Simulation of Workplace Harassment in 3D Worlds
Jette Sponholz, Eike Born, University of Hamburg, Germany ; Torsten Reiners, Curtin University of Technology, Australia
EdMedia + Innovate Learning, in Toronto, Canada ISBN 978-1-880094-81-5 Publisher: Association for the Advancement of Computing in Education (AACE), Waynesville, NC
Role play with avatars is a rather common application for virtual worlds. Using avatars allows an immersive experience for the user and a better identification with the anticipated role; i.e. in comparison to reality where acting in front of the class might humiliate the student. Here, we looked at workplace harassment and how we could achieve a first awareness for employee; i.e. if they are afraid of overreacting and embarrassing themselves. The simulator does not intend to replace any other forms of handling workplace harassment but increasing the awareness. The participant has to go through an office while wearing special outfits. At different locations, the avatar is confronted with reactions from colleagues which have to be rated as negative, neutral, or positive in relation to the scenario. The later assessment is evaluated and explained with respect to the expected behavior: the participant might realize where workplace harassment can start and how to handle certain situations.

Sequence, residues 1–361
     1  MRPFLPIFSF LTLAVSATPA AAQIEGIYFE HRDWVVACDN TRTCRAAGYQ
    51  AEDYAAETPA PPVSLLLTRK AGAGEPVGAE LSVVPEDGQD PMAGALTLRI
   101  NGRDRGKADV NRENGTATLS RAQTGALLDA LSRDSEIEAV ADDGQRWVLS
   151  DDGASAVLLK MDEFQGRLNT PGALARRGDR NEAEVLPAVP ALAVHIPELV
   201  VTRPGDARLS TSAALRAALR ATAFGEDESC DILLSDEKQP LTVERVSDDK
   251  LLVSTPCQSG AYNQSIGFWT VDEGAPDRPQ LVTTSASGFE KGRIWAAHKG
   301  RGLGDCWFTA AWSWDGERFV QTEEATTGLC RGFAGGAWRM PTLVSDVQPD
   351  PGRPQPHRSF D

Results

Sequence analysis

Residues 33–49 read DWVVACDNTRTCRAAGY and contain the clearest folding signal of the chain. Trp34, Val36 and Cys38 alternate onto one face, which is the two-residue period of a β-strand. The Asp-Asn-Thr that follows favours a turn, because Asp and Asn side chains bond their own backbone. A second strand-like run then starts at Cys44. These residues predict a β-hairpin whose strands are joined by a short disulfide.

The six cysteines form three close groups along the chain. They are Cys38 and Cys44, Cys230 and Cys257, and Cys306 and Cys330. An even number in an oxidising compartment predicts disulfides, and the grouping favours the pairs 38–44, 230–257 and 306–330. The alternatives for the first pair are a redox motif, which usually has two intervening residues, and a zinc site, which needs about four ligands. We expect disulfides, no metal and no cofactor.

Sponholz, J., Born, E. & Reiners, T. (2010). Simulation of Workplace Harassment in 3D Worlds. In J. Herrington & C. Montgomerie (Eds.), Proceedings of ED-MEDIA 2010--World Conference on Educational Multimedia, Hypermedia & Telecommunications (pp. 3862-3865). Toronto, Canada: Association for the Advancement of Computing in Education (AACE).
© 2010 Association for the Advancement of Computing in Education (AACE)
Cited ByView References & Citations Map
Wales Brown, Empire State College Graduate Student Collaborative, United States
E-Learn: World Conference on E-Learning in Corporate, Government, Healthcare, and Higher Education 2018 (Oct 15, 2018) pp. 569–575
Torsten Reiners, University of Hamburg, Germany
EdMedia + Innovate Learning 2011 (Jun 27, 2011) pp. 549–551
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